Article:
See the Rainbow
By Jill Berndtson
Somewhere over the rainbow… color catches our eye. Whether you’re walking down a grocery aisle, scrolling online, or watching commercials during your favorite show, certain ads tend to stick out. You may not realize it, but most of your impulsive shopping decisions are based on the color of the packaging. As companies grow, consumers begin to associate colors with the brand, making it imperative to choose the right color from the start. Could you imagine the Coca-Cola logo being blue and brown or Nike being bright pink? Of course not, because you’ve grown to associate the colors with the logos.
There are some important things to keep in mind when choosing the right color for your brand:
Is the color common among competitors? If the answer is yes, choose a different color. Consumers are inundated with different brands offering the same product. When you go shopping, what product sticks out- the fourteenth blue one, or the only red one? As the saying goes, “be the brightest crayon in the box.”
Does the color/design fit the product? If your product is targeted towards kids, a black and white design may not do as well as a bright and colorful one. Likewise, environmental products usually have green somewhere in their logo.
There is no “one size fits all” definition of color perception. In fact, how the individual perceives color is almost entirely based on their past life experiences. However, different hues and tones within colors can imply differences in brand personalities. Pastel is usually associated with products for babies; black and white designs usually target adults. Keep this in mind when planning your marketing strategy.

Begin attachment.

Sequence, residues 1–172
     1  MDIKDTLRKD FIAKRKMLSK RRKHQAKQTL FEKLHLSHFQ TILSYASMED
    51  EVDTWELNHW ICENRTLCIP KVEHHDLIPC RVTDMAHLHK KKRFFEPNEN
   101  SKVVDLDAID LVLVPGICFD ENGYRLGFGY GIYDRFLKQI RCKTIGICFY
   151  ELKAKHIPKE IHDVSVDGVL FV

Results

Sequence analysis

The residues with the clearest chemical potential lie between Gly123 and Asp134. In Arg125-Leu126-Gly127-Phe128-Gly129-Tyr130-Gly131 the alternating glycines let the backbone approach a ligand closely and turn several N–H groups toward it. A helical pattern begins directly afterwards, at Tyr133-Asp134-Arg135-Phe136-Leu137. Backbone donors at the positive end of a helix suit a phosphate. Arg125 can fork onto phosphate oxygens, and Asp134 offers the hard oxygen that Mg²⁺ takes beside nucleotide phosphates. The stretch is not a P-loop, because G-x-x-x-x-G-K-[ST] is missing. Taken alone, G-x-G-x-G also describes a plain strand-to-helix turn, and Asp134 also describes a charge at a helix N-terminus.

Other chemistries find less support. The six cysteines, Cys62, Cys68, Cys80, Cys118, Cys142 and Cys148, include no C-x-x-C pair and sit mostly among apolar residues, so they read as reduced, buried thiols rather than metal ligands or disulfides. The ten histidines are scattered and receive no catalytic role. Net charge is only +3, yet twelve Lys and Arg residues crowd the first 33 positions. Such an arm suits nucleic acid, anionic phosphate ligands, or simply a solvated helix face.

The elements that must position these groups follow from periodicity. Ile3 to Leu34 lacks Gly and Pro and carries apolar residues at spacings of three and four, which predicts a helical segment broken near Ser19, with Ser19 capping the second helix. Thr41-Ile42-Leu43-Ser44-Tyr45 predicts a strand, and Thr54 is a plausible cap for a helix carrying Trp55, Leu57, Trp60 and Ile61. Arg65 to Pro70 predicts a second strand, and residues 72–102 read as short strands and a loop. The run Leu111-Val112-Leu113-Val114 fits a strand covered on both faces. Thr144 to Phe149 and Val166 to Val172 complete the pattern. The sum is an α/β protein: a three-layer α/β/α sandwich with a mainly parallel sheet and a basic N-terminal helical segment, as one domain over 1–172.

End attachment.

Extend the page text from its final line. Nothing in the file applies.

Play on demographic differences. If you’re targeting a specific gender, age, culture, etc. some colors may perform better than others. Younger audiences prefer bright, bold colors, but adults may prefer cooler, toned-down shades. Think of designs in terms of what would catch the eye of that demographic.
Let’s apply these tips to a case study. Take a prominent business: Barbie, for example. What’s the first thing that comes to mind when you hear “Barbie”? Maybe it’s playing with your favorite doll when you were little. Maybe it’s roaming the aisles at a toy store and seeing that Barbie beach house you (or someone you know) just had to have. Whatever it may be, one color comes to mind: pink.
Now let’s break it down: why pink? While Barbie wasn’t the sole doll brand using pink in their logo, they strayed away from pastels and went for a bold, bright color in the magenta family. This slight diversion was enough to distinguish themselves from competitors. Traditionally, Barbie targeted girls, so a pink logo made sense and fit the product well. Barbie’s logo was successful because of their decision to use the right color, in the right shade, based on what would be attractive to their target market.
How have you used color to your advantage as a marketer?